A new study says more than 3,000 square miles (800,000 hectares) of Colombia’s woodlands have been cleared since 1981 in the planting and destruction of drug crops.
The study released Wednesday by Colombia’s government and the U.N. Office of Drugs and Crime was authored by economist Ricardo Rocha. He says deforestation has been devastating, as old-growth forests are felled for coca growing, contaminated by chemicals used in processing then further ravaged by defoliants used in coca eradication.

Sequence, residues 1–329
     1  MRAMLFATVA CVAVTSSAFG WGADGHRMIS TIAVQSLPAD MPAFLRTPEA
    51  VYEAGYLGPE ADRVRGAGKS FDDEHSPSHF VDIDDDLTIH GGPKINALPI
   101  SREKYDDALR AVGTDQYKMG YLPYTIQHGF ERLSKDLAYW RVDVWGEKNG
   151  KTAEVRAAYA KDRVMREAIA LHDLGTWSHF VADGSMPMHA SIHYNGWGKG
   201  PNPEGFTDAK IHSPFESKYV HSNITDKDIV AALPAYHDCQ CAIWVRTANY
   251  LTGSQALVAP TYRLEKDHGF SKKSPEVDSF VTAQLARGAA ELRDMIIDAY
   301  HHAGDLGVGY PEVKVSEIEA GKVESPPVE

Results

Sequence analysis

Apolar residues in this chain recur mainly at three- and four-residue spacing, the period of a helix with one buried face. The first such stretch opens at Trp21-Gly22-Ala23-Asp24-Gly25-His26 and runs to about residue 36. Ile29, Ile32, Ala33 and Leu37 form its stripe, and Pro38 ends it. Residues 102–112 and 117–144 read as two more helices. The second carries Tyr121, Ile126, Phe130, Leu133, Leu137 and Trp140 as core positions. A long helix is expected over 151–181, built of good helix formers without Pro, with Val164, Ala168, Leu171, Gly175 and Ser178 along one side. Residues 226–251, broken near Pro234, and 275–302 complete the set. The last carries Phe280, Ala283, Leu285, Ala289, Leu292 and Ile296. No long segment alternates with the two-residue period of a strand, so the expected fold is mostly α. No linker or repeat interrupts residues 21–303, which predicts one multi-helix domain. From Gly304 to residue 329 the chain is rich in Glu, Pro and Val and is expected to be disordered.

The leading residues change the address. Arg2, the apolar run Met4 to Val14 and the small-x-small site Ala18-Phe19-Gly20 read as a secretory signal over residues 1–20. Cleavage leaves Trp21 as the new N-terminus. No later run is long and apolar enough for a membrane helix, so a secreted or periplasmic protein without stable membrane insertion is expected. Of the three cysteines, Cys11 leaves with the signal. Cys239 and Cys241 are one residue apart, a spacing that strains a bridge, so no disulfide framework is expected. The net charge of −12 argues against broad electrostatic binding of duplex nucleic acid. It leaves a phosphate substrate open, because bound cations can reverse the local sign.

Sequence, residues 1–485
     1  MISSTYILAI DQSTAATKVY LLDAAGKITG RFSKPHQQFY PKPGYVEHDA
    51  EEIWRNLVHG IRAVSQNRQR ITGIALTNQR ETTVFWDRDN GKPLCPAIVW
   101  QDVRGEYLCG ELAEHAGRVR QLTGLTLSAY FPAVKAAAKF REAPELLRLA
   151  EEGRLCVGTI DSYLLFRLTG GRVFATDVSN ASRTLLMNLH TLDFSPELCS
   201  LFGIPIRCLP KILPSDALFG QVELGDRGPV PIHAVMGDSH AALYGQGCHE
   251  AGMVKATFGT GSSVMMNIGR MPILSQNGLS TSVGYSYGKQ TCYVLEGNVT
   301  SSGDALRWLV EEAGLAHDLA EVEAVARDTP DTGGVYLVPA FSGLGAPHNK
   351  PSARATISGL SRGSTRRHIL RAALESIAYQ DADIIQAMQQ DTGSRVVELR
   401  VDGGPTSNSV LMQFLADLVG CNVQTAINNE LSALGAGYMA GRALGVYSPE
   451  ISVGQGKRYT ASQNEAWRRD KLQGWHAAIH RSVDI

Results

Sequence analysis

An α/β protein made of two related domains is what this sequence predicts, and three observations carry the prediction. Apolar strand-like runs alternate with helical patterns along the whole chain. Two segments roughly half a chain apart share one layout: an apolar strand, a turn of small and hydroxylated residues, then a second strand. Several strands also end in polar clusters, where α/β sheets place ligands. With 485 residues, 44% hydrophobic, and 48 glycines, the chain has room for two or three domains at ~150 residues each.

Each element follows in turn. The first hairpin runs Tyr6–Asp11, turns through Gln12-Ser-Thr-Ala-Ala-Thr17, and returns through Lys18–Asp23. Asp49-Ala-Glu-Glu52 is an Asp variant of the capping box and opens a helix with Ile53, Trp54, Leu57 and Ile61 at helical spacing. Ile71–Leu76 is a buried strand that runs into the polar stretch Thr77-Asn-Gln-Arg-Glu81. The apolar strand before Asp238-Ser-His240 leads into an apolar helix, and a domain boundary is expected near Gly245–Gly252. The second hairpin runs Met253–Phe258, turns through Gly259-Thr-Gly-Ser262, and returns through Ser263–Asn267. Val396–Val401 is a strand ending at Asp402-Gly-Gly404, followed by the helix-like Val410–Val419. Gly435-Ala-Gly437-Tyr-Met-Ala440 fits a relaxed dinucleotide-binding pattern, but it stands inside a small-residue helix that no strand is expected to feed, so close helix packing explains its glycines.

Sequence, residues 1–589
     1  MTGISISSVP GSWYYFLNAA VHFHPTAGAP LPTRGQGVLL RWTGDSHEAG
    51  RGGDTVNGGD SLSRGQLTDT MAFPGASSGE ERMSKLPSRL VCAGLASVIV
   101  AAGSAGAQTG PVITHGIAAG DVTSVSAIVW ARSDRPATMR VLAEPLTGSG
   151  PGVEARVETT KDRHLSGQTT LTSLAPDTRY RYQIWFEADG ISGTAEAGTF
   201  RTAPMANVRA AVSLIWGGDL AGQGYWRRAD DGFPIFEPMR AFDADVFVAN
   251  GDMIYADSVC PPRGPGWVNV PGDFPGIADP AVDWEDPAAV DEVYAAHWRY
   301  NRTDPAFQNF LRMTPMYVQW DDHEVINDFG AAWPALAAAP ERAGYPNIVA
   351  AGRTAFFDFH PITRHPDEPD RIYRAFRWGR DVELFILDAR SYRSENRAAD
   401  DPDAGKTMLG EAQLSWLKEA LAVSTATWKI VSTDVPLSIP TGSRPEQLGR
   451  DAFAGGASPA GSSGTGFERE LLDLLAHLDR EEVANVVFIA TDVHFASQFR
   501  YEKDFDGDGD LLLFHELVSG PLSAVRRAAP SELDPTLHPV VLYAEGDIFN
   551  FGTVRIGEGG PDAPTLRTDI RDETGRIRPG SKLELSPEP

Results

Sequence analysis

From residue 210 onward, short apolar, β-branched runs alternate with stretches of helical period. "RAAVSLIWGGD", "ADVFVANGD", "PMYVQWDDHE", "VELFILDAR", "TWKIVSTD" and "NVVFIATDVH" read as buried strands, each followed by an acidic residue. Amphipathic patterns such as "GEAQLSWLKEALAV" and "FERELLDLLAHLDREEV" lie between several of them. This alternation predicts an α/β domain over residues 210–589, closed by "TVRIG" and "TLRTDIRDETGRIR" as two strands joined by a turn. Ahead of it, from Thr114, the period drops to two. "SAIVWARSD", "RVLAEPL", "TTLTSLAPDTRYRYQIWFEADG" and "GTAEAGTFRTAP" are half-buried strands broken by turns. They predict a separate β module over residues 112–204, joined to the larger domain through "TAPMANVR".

He says one-fifth of Colombia’s roughly 1,000 municipalities are affected.
According to the U.N., Colombia had 240 square miles (62,000 hectares) of coca under cultivation last year.